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“Knock, Knock”

March 28, 2011


Cartoon by Rob CottinghamCartoon by Rob Cottingham, who very kindly granted us permission to post it here.


Although “Noise To Signal” is the general name of Rob’s cartoon series, it also suggests one of the persistent problems with unsolicited bulk email from nonprofit organizations.  Thanks, Rob!

3 Comments leave one →
  1. March 28, 2011 10:11 pm

    It all depends on context. Now if person knocking on the window in the middle of the night is promoting a non-profit that benefits “sexual surrogates” who provide middle of the night visits, and wants to demonstrate how the service works …

    Don’t laugh. I Google search turned up non-profits in San Francisco that involve sexual surrogates. No doubt such services are available for straight, gay, transgender and who knows what, but I am not going there. But I didn’t want to be accused of sexism, homophobia, or cruelty to non-human creatures.

    • April 1, 2011 12:59 am

      modestypress, I’d still insist on a double-opt-in.

      Um, “double-opt-in” isn’t a euphemism for something involving sexual surrogates, is it?

  2. April 1, 2011 1:35 am

    Rob, I think it’s best to proceed on the assumption that it’s a euphemism for something.  Perhaps there’s a corollary of Rule 34 that covers this.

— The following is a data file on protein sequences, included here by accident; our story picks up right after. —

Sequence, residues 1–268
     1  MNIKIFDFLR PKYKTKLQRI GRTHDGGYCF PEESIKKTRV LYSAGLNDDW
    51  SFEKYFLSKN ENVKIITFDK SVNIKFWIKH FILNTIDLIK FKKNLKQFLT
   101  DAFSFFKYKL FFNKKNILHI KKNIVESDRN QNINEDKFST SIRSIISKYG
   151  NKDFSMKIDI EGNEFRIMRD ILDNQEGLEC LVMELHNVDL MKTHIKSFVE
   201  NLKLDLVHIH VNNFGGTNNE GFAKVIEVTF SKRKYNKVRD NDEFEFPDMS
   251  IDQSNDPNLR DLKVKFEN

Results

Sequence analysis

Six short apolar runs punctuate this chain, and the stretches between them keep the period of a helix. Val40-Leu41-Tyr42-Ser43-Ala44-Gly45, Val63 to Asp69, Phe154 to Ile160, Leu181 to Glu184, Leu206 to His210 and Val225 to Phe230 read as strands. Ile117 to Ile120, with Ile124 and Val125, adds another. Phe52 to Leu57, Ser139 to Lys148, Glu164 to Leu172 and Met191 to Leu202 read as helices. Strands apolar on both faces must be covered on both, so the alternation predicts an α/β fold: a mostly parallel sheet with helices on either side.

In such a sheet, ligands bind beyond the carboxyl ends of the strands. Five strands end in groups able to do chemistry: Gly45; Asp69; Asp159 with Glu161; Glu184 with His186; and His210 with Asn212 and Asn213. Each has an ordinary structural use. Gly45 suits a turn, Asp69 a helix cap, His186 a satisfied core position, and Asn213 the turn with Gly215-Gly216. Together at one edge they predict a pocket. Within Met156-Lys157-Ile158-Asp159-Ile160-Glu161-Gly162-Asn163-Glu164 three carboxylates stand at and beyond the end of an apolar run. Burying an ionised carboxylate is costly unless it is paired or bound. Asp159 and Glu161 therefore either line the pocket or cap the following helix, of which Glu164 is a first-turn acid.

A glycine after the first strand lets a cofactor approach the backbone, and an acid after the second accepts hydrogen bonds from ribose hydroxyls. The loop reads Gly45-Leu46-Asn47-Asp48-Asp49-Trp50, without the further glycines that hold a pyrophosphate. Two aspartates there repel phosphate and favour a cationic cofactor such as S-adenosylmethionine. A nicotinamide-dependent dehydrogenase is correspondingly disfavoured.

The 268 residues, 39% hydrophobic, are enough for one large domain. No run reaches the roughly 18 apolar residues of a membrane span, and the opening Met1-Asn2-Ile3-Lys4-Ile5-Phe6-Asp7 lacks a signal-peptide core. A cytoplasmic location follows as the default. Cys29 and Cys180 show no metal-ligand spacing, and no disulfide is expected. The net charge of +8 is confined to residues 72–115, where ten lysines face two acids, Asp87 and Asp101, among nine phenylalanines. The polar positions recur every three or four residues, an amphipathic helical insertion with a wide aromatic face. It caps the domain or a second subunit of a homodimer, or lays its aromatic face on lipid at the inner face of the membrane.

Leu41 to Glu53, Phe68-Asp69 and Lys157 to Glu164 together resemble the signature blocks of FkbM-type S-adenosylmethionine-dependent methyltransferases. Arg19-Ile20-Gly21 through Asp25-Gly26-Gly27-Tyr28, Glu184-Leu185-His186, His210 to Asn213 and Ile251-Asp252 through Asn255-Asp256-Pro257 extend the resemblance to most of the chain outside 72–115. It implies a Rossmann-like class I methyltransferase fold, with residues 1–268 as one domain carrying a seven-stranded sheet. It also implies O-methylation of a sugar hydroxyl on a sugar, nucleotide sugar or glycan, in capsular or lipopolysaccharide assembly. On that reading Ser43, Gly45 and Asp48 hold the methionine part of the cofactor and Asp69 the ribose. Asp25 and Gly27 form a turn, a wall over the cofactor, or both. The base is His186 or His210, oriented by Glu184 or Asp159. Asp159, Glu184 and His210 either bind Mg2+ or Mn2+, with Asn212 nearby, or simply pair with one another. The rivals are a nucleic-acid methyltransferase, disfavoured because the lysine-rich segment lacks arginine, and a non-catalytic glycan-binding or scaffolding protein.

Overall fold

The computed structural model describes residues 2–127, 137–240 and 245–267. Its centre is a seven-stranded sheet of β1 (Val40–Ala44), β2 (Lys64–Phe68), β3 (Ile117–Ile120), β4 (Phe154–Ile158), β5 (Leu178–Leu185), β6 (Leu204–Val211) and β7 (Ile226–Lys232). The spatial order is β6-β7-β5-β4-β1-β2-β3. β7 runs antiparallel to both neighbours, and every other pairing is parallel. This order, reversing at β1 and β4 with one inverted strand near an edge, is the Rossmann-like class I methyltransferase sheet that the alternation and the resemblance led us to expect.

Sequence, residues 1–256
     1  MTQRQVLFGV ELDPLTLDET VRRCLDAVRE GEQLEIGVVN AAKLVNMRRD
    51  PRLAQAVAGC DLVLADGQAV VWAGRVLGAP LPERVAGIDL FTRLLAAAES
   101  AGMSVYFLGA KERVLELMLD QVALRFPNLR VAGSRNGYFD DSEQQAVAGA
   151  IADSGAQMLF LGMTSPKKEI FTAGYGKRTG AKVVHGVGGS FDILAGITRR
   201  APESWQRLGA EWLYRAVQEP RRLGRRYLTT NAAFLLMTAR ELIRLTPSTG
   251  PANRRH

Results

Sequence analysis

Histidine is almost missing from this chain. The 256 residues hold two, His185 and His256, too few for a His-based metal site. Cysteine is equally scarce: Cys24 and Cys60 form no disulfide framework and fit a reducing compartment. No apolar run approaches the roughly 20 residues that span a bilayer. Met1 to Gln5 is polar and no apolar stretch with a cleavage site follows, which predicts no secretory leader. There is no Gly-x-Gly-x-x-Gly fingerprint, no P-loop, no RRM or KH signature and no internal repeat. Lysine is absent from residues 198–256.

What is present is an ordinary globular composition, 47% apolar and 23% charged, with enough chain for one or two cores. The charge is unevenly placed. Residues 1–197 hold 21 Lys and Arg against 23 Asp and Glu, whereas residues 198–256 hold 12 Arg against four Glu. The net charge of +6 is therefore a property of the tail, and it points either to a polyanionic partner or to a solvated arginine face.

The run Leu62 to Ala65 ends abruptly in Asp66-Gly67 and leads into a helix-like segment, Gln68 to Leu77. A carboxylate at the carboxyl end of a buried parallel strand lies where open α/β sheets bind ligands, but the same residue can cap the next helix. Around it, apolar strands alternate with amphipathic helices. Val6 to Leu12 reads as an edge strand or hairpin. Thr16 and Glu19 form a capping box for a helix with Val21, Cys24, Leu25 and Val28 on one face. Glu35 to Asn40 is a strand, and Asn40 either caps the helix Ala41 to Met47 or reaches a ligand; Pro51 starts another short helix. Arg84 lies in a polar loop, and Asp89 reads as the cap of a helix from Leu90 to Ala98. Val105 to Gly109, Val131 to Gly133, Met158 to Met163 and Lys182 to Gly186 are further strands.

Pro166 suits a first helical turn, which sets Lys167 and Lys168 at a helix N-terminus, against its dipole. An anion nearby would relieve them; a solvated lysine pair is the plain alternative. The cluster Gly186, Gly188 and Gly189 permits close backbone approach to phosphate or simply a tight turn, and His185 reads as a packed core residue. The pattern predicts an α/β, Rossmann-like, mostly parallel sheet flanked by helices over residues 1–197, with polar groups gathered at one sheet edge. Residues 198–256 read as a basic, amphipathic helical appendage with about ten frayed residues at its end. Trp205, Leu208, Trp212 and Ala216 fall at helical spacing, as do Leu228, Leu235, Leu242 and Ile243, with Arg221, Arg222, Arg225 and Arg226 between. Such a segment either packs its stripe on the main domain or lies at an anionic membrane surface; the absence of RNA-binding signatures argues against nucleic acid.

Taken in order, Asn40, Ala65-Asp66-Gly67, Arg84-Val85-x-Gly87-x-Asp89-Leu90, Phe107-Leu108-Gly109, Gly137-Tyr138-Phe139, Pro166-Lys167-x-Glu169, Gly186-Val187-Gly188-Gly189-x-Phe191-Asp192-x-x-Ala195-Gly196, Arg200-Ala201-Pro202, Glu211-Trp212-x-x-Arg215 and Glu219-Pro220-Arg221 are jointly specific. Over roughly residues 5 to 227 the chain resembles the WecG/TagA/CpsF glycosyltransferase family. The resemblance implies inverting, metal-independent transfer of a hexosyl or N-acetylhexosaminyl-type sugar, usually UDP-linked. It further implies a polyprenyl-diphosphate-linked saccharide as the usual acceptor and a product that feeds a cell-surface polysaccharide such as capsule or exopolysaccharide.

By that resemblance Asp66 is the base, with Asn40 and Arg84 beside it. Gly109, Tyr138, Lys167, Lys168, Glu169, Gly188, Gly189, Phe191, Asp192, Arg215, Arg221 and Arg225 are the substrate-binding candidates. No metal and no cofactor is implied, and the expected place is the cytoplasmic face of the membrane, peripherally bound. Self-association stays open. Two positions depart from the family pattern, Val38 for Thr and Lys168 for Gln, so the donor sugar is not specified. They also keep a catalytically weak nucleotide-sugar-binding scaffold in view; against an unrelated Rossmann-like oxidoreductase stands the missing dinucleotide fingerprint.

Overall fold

As for the non-euphemistic meaning of “double opt-in,” I’m more in favor of it than ever.

    About a week ago, some prankster started signing me up for all sorts of politically-flavored e-bulletins. I started getting batches of welcome messages from the organizations in question. 

    Now, it wasn’t the fault of these political activists that a third party had made us all victims of a prank. They were just minding their (respective) businesses, organizing their online communities. 

    However, it was immediately obvious which of them had single opt-in policies and which had double opt-in policies, once I started reading the welcome messages.  It was the difference between “here’s how to unsubscribe” and “we’d like you to confirm that you really meant to subscribe, before we start sending you email.”

    I’m not entirely sure that this was the lesson that the prankster had in mind, but it’s the one that seems to be sticking with me.

    As for the single opt-in e-bulletins, I haven’t quite managed to unsubscribe from all of them yet.  Maybe they’ll be with me until I change email addresses or die.  (Whichever is more final.)  But no real harm was done.  The prankster probably doesn’t know that I’m a child of intermarriage (i.e., my father is a Republican and my mother is a Democrat – perhaps it’s appropriate, given my hybrid origins, that I’m an independent voter) and am therefore quite accustomed to receiving communiques from folks all over the political spectrum. 

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